Transformers: Rise of the Beasts Review

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Transformers: Rise of the Beasts is the franchise’s most middle-of-the-road entry. Considering how off-road this series has gone, though, it’s a masterpiece compared to Revenge of the Fallen, Dark of the Moon, Age of Extinction, or… the fifth one. It lacks the fresh factor of Michael Bay’s first film, which remains visually innovative for a 2007 release. 2018’s Bumblebee is probably the best Transformers movie in terms of character and story. Rise of the Beasts tries to find a happy medium between the spectacle of a Bay movie and the emotion of a Travis Knight picture. It may not revolutionize the franchise, but the film’s heart/spark is in the right place.

While Hailee Steinfeld and John Cena were welcome additions in Bumblebee, the series’ overemphasis on humans has been a common criticism. Thankfully, Rise of the Beasts stays more focused on the Transformers. There are still humans, but the film wisely limits itself to only two major players. Anthony Ramos of In the Heights creates a relatable protagonist in Noah Diaz, a former soldier struggling to support his family. He’s a massive upgrade from Shia LaBeouf and Mark Wahlberg. Speaking of the latter, Marky Mark is referenced at one point. How does that work? In any case, Dominique Fishback of Judas and the Black Messiah is also wonderful as Elena Wallace, a museum worker who stumbles upon this movie’s MacGuffin.

Noah and Elena soon find themselves caught in a conflict between the Autobots and the Terrorcons. What’s the difference between the Terrorcons and the Decepticons? The Terrorcons have a leader voiced by Peter Dinklage! The voice acting is strong across the board with Peter Cullen once again portraying Optimus Prime. Newcomers include Liza Koshy as Arcee and Cristo Fernández as Wheeljack, although the one sure to sell the most toys is Pete Davidson as Mirage. Between this and Fast X, Davidson will invade every movie this summer! Ron Perlman and Michelle Yeoh lend their voices to the Maximals, Transformers that resemble the kind of titans you’d find on Skull Island.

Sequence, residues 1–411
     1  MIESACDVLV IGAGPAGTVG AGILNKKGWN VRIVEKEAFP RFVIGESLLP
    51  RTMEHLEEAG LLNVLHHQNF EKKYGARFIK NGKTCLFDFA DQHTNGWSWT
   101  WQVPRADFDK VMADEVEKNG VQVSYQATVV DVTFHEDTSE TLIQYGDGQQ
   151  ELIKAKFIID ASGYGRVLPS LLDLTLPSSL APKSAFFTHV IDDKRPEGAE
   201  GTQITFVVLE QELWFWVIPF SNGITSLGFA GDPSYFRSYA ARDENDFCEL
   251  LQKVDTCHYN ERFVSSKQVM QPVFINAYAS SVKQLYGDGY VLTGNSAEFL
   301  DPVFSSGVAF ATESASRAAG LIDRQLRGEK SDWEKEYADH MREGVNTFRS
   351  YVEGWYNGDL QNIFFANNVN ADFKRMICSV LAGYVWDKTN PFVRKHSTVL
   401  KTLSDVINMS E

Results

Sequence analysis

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Admittedly, for a film called Rise of the Beasts, there aren’t as many robotic animals as one might hope. Outside of a brief opening, the Maximals aren’t given much to do until the second half. It’s not the Beast Wars movie some have been waiting for, but all of the Transformers are well-utilized in a stimulating climax. On an action level, Rise of the Beasts is far more cohesive than Bay’s sequels. Director Steven Caple Jr. keeps the adrenalin pumping without going overboard in the editing booth. What the action lacks are genuine stakes. Being a prequel that takes place in 1994, we know which Transformers are going to survive. So, when it appears one has bitten the dust, we’re just left waiting for a deus ex machina.

Rise of the Beasts isn’t more than meets the eye per se, but it is the fun escapism that most audiences will be seeking. Behind the action and cheesy one-liners, the film finds room for a theme about community and embracing other cultures. It’s not thought-provoking commentary, but it essentially feels like an apology for Mudflap and Skids. Rise of the Beasts may be a stepping stone to better things with the ending teasing a promising follow-up. Although Rise of the Beasts doesn’t completely refurbish the franchise, the film does refuel our faith in it.

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About Nick Spake

Nick Spake has been working as an entertainment writer for the past ten years, but he's been a lover of film ever since seeing the opening sequence of The Lion King. Movies are more than just escapism to Nick, they're a crucial part of our society that shape who we are. He now serves as the Features Editor at Flickreel and author of its regular column, 'Nick Flicks'.

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